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The other night I was in a bar with a photographer that we featured here on the site recently. When we chatted, we talked about how the industry was going in general. She (the photographer) assists other larger names and does her own work on the side. For extra income, she thought about doing weddings with another photographer she is close with. The problem is that they didn’t want to deal with the editing process and everything else in the post-world that has to do with working with weddings. Additionally, everything that they found wasn’t worth the money and there are tons of low ballers out there. Essentially, that is also only one of the reasons why wedding photographers get paid what they do.

So after chatting with her and a couple of other photographers, we figured it out: just don’t post-process. If anything just shoot JPEG, cut the session down to the best images, and then hand them off to the clients. This goes for weddings, portraits, events, etc.

Again, we are not preaching laziness here–and if you take away from this article that we are doing that then you’ve obviously not read it. We’re preaching a way for photographers to make some extra cash on the side and still make the work profitable for them. If someone only wants to pay you $300 for a wedding and you’re giving them six hours of your time, just find ways to cut corners and make your time totally worth it and as profitable as you can.

On the other hand, if someone is paying you handsomely, put the according amount of work in and show that work off in your portfolio accordingly. Then always keep in mind that the high end photographers will never compete with the ones that only do cheap weddings because they are totally different price points. To the gear heads, it’s like comparing a Nikon D4s to a Canon Rebel.

Then in the end, just don’t tell anyone that you did it.

Chris Gampat The Phoblographer Nikon D810 high ISO samples Speakeasy Dollhouse NYC (3 of 9)ISO 8001-80 sec at f - 2.5

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We’ve done a slightly longer tutorial on how to make an image look sharper, but what if we told you that you can do it in Adobe Lightroom in less than 30 seconds and without even touching the sharpness sliders? Sounds crazy, right? Well, the reality is that it is completely possible.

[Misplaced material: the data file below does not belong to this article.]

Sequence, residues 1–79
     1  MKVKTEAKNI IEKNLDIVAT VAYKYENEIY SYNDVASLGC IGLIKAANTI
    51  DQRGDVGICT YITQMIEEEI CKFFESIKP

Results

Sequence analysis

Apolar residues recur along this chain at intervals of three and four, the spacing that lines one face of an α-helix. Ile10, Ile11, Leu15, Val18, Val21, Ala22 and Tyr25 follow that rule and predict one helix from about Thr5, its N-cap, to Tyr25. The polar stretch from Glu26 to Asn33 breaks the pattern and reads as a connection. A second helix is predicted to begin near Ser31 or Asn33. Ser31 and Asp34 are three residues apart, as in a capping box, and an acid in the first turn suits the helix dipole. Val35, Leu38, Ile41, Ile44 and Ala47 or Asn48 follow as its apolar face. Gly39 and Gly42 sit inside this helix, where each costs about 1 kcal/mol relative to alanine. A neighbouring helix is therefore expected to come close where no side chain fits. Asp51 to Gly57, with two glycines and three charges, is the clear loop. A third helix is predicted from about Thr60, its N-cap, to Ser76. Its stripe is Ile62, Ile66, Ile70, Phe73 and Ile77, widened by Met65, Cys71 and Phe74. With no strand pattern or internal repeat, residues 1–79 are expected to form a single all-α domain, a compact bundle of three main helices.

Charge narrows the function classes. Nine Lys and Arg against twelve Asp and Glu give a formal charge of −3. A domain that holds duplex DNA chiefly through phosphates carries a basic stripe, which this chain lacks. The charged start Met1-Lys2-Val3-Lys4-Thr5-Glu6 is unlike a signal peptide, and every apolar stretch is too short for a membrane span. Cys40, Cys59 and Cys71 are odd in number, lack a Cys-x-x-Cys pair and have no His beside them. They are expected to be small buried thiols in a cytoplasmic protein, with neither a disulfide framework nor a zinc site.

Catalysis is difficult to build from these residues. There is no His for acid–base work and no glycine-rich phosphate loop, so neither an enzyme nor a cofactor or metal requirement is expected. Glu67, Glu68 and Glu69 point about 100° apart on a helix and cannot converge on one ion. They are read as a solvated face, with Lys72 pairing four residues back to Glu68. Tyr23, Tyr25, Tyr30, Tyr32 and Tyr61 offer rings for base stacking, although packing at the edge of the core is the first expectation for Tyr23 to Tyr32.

Like our other tutorials, it begins with proper in-camera exposure techniques. For the absolute best sharpness from a lens straight out of the camera your best bet is to use some sort of diffused flash. It could be as simple as bouncing a flash off of a wall. If not, then consider stopping your lens down just a bit and exercising the reciprocal rule of shutter speeds to ensure that your image is blur free from camera shake.

Then if you bring your image into Adobe Lightroom, all you’ll need to do is raise the overall exposure of your image by around 1/3rd of a stop, lower (deepen) your black levels, raise your contrast, and raise the clarity of your image by just a tad. And to be honest–you’re done. The human eye looks at images with deeper blacks and puts a stronger emphasis on other colors in the scene to be able to naturally find objects. In this method, you’re actually fooling the human eye into thinking that something is sharper than it really is.

Give it a shot and see how many people you can actually fool with it.

 

Chris Gampat The Phoblographer Samsung 85mm f1.4 portraits extra (1 of 1)ISO 1001-125 sec at f - 2.8

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In the photo world, there are loads and loads of tricks that you can use to make viewers of your images believe that you’ve shot something with either all natural light or with one primary light. And if you have only a single light to begin with, there are ways that you can make your image appear as if two lights were added to the scene. All it requires is a bit a strategic placement of your lights or some extra knowledge of exposures.

For starters, keep in mind that when working with an artificial light (strobe or flash) that your aperture will control your flash exposure while your shutter speed manipulates the ambient lighting in the scene. Somehow or another, you’re going to have to figure out a way to balance the two out.

So how do you do this?:

- A very large light modifier in relation to your subject: Usually a six or seven foot umbrella being placed in front of and slightly above your subject can make your scene look like it was lit with two lights when the according shutter speed is dialed in.

- One Light and a Reflector: When your light is on one side of the subject, either set the light to its widest zoom setting or put it into a large softbox.. Next, place a reflector on the other side of your subject–we recommend using either white or silver. Then use the shutter speed to mix in enough ambient lighting to fill in the shadows while balancing out the flash output.

One light and the shadows for evenness control: To make this one work, you’ll need to work outside and in a shadowed area of some sort. Bounce the light off of a surface or once again make the flash zoom out to its widest setting. After this, you’ll just need to mix the ambient lighting from the shutter speed accordingly. We recommend underexposing your shutter just a bit then raising the shadows in post.

Now get out there and go experiment.